At the end of July, the Massachusetts State Senate passed a resolution to encourage equitable and diverse gender representation on boards. The proposed legislation urges companies to: (1) Adopt practices to increase women on boards and in senior management positions, set goals and measure progress; (2) Publicly disclose statistics; and (3) Have minimum numbers of women directors on boards by December 31, 2018.
Sounds quota-ish. Are quotas the answer to remedy the stubbornly low percentages of women in senior leadership roles in major corporations?
I’ve spent more than 20 years working in corporate America. The S&P 500 companies are the engines of large scale prosperity. However, for women inside these mega-businesses, the economic and other benefits of rising to senior leadership positions have remained elusive. There is not a level playing field for ascending to the top. Gender bias and weak accountability are preserving a vast gender divide. Women’s talents are being underutilized and shareholders are missing out on growth.
That said, I don’t believe quotas are the answer. It’s a quick fix, but will not produce sustainable change. Culture change is needed and that can’t be legislated. I advocate for a grassroots movement by employees and for the corporate social responsibility community to leverage their political capital to demand change with an increased sense of urgency. Perhaps as calls for quotas increase, corporations will start focusing on results rather than adding more women’s “initiatives.”
Facts and figures
According to the U.S. Bureau of Labor Statistics, women make up more than 50% of management positions in America. But we are less than 5% of CEOs and are just 22% of senior management. Women are grossly underrepresented in leadership.
According to Catalyst research, companies with sustained high representation of women on boards significantly outperform those with sustained low representation of women on boards on key financial measures.
In a 2014 study, Gender 3000: Women in Senior Management, Credit Suisse found that companies with higher female representation at the board level or in top management exhibit higher returns on equity, higher valuations and higher dividend payout ratios.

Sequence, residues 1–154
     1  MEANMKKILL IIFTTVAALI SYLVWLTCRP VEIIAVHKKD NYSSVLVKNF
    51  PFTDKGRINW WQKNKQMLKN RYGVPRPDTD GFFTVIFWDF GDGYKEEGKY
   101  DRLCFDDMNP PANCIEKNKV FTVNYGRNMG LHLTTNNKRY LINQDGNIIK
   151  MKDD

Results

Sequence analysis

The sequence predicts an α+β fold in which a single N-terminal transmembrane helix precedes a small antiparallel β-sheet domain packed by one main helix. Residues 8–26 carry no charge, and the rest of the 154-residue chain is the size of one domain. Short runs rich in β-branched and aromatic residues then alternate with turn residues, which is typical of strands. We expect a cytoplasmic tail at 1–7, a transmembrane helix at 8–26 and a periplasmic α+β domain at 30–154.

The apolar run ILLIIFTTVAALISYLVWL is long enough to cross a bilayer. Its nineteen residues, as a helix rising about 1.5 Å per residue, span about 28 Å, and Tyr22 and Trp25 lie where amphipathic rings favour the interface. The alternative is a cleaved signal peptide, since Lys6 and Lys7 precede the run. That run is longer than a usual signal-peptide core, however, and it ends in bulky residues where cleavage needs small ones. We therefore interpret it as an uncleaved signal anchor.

Studies have also shown that greater gender diversity drives innovation. Two examples: Center for Talent Innovation (2013) and Woolley, Malone, Chabris (2015).
And women want to lead. According to a Hudson study, women have the education, competence and interest in leading.
If women are qualified, interested and good for business, why aren’t things changing? It’s complicated. I studied the problem and concluded there are four key roadblocks qualified women face at work:
Lack of transparent talent management practices
Inflexible work environments
Weak management accountability
Credit Suisse came to a similar conclusion in their Gender 3000 study.
Women and men must start demanding change. The Network of Executive Women suggests we hold senior leaders, starting with the CEO, accountable for talent management. This includes recognizing that leadership competencies based on the masculine style and leadership history must be rewritten. To meet the needs of the contemporary workforce and shifting interests of consumers, corporate cultures must adapt.
Corporations need to focus on funding skill-based gender bias training, instituting transparency about job opportunities and personal development programs, and demanding their managers model inclusive rather than command and control management styles.
Leveling the playing field for job opportunities and improving work environments benefit women and men.
CSR professionals can leverage their political capital to drive change
Here are six ways CSR professionals can help the barriers come down.
1. Get educated about gender bias- what it looks like, what it feels like. There are videos. Here are two: Shelley Correll and Patene Labels.
2. When you engage with companies, ask what percentage of their senior leadership (director level and above) are women and what targets and time frames they have set for improvements.
3. Ask companies if they follow these best practices, and if not, why not:
4. Ask companies’ Foundations what percentage of grant dollars go to gender equality organizations and if it’s not a focus area, why not
5. Learn about and talk about board programs that drive better gender representation, for example the Committee for Economic Development’s Every Other One initiative and the U.S. branch of the 30% Club.
6. Join Jeffery Tobias Halter in his Father of a Daughter initiative and share his list of 10 action items with male colleagues.
It’s about results not effort
Sallie Krawcheck said in a recent LinkedIn post that you have to be willing to put up some political capital. Rather than quota legislation, let’s start holding corporations accountable. It’s time to stop talking about women’s initiatives and start showing women results. Culture change is long overdue.